Wednesday, February 17, 2010

A Shot in the Light

The headline caught my eye briefly and disappeared from my life as something I really did not want to know about, just another awful act of random violence out in the world. I was much more interested in the Olympic opening ceremonies and my music recording.

It peeked in again when I got a garbled email late Saturday night that included the phrase “the shooter didn’t get me”. I realized my blogging friend and a deranged professor were both from Alabama, but expected no connection since horrifying things like that just do not happen to people we know.

I answered her quickly anyway, and sure enough, my friend was in the room last Friday when the professor who was denied tenure pulled out a gun and began to shoot. The head of the department died in the arms of my friend with his last breaths trying to shield her body with his own.

Unharmed physically, my friend had been under heavy sedation and was just waking to the memory of the horror as we “chatted” into the early hours. At first saying she had been mostly unconscious, the process of typing short sentences to me revealed that she had been very aware and cognizant in those awful minutes, recalling with vivid detail the sights, sounds, smells that will likely remain in her memory forever to resurface in the unlikeliest of moments.

Two thousand miles away, in the darkness of night and the clatter of keys typing, I felt more helpful than she had as the life of her friend passed out of his body. I could tell her that in some capacity, he felt her arms holding him, her kiss on his cheek. From the ceiling above, or somewhere way beyond, his spirit could see her tears and feel peaceful amidst the chaos, experience the silence beyond the screams. Their souls would be forever connected.

No matter how tired I was, I could hold the space for her to explore her emotions and help her find some soft ledge on which to sit. Together, we could ride that roller coaster that charged from feeling like all was normal on a Saturday night to the dizzyingly twisty curves of sorrow, fear, guilt and anger that were racing past. My words could comfort her even though there is no true comfort around something so horrific. I could virtually keep her company while she could not sleep.

Again, I am struck by how quickly our lives can change, how deeply change can happen in an instant, and how small are our own issues in comparison to some one else’s plight. For me, the lapse of a few seconds landed me on a soft couch with a hard wound, unable for months—probably forever—to return to my life as I was living it. Her few minutes of terror, without physical harm, leave indelible scars, likely disrupting her motion in deeply profound and unpredictable ways.

In addition to the sorrows, regrets and anger around such events, there is also a marvellous appreciation for the beauty in life. Even as we mourn, we tend to revel in an ecstatic joy, celebrating life, the very fact that we are still alive and can feel at all.

Priorities are stood on end and what simple things were taken for granted seem suddenly so precious. Gratitude envelopes our heart and extends outwards to all who come into our circle. For a time, we are supercharged with the sense that all is so important and vital.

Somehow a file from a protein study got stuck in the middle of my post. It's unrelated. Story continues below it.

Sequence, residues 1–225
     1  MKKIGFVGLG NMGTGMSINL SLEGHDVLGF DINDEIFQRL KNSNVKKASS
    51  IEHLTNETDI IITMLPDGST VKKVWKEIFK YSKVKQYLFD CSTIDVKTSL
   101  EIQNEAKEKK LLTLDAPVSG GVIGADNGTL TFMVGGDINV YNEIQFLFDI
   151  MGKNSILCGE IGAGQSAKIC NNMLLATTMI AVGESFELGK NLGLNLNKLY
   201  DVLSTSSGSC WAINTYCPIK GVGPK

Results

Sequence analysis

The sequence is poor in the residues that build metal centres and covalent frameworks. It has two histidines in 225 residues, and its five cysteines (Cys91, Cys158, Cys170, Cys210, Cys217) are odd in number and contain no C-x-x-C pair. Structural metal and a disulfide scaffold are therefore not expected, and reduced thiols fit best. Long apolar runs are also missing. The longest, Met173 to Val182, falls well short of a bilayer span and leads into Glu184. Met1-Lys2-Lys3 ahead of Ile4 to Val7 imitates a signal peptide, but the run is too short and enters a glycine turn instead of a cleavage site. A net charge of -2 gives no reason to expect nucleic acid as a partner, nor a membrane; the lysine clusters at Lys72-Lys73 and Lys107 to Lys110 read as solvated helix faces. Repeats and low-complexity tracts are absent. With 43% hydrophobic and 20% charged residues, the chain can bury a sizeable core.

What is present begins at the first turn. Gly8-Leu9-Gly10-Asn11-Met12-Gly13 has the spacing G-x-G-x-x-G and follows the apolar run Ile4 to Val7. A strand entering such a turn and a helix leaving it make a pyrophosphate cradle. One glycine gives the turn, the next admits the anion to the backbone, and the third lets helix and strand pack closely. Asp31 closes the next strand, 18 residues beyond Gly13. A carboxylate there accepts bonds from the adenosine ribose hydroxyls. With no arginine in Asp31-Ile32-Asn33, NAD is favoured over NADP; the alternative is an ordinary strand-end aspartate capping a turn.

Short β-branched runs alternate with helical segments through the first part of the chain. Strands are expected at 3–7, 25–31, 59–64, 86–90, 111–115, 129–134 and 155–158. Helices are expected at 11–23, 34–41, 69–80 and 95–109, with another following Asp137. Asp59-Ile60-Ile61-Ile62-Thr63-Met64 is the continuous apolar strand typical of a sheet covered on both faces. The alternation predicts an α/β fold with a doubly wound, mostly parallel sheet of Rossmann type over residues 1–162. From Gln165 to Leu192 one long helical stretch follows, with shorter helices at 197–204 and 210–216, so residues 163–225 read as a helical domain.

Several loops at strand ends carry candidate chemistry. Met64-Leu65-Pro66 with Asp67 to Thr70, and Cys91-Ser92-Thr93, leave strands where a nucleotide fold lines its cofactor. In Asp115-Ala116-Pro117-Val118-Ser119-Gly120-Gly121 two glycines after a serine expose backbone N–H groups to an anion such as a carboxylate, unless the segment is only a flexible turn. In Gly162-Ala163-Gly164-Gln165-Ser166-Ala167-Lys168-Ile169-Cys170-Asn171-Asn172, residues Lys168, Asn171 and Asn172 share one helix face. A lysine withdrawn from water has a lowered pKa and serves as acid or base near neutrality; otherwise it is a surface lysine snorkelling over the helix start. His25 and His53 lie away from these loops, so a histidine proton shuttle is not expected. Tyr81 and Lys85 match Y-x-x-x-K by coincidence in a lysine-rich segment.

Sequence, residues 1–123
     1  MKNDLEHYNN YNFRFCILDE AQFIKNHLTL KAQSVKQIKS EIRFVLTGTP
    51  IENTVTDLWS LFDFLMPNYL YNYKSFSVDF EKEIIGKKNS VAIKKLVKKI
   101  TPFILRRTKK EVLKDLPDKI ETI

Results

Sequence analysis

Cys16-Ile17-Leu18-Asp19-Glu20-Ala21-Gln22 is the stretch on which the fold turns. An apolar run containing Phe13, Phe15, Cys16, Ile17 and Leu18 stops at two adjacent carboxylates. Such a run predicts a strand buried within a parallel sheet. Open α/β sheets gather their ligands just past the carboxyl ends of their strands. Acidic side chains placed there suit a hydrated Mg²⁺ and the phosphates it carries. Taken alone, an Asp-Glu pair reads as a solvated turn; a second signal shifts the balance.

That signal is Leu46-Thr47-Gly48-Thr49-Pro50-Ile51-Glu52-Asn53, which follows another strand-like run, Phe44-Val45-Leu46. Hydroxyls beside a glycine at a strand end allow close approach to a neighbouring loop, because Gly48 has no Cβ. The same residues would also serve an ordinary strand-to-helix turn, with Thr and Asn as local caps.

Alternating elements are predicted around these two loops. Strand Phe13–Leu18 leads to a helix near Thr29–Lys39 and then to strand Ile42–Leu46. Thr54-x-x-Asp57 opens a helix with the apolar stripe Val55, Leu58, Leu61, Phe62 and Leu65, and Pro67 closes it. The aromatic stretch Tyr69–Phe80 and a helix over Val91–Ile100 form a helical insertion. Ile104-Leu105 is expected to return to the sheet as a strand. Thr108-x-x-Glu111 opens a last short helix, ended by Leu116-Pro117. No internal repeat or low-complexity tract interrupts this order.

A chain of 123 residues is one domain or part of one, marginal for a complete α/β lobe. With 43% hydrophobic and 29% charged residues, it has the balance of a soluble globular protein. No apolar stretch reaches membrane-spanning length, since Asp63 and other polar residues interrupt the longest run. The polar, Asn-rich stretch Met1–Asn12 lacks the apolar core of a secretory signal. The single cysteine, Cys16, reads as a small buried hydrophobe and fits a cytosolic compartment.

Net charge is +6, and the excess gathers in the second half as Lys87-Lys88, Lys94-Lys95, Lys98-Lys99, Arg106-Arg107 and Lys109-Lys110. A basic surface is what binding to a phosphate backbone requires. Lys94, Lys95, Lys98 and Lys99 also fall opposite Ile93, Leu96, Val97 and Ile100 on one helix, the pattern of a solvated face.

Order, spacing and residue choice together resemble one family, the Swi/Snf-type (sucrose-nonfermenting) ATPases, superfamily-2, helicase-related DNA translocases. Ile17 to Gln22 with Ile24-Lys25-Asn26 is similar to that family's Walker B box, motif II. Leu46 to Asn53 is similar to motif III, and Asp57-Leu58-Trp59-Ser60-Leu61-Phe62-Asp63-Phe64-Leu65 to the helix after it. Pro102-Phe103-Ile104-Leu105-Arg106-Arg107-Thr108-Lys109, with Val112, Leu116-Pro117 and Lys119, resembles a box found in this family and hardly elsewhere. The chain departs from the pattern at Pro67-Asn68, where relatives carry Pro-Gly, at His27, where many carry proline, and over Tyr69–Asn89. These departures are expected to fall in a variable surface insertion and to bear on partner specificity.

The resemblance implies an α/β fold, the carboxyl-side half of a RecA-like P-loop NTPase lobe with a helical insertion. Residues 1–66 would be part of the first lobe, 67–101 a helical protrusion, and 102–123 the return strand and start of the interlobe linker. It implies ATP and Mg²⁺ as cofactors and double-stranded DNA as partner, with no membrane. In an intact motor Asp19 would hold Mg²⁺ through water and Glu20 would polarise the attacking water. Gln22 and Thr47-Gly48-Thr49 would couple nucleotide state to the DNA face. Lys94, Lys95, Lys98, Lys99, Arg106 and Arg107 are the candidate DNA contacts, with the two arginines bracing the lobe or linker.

In my life, this has translated into casting aside the humble blanket of self-moderation and leaping into the day to declare my existence, for better or worse, in the world. Time should not be wasted, but utilized, every precious moment (even if that is resting) to move ourselves forward in the creation of the reality we want to live.

Happiest with guitar or pen in hand, I have to be careful when picking up a hammer. Too easily the demands of our life distract us from our purpose. I am capable of building a wall around myself that keeps me from the very things that give me breath and urge my blood to flow. Apparently for good reason, we focus on our “shoulds”, days leading into weeks into months into years until our vision is so shaded our unhappiness and dysfunction seem the natural way of the world and we risk dying having barely lived.

Be observant, self-aware. Lead your life this day as if none will follow. Read these words, but then quickly move on to words of your own. LIVE.

After my Mankind Project weekend of New Warrior training, I adopted the mission statement that “I create a world of growth, prosperity and tolerance by loving action and celebration.” As a man among men, I grow, prosper and celebrate.

I am not yet able to do this every hour of every day, but the mission is imprinted in my sight, filtering so much more of what I do than in previous years. I am the happier man for it and am grateful for better friendships ringing with more laughter than tears.

Please share with your friends


Sharla said...

Thank you~so much could be said but thank you will do for now.

Hayden Tompkins said...

Oh, WOW, Kip. I can't even imagine what that was like for your friend.

Laurie said...

I am glad you were there for your friend. You are a great man Kip.

Anonymous said...

If you can not be kind, at least have the decency to be vague.............................................

Anonymous said...

I feel for your friend, it must have been horrific. I cannot even imagine it. We heard about it on the news over here in England too.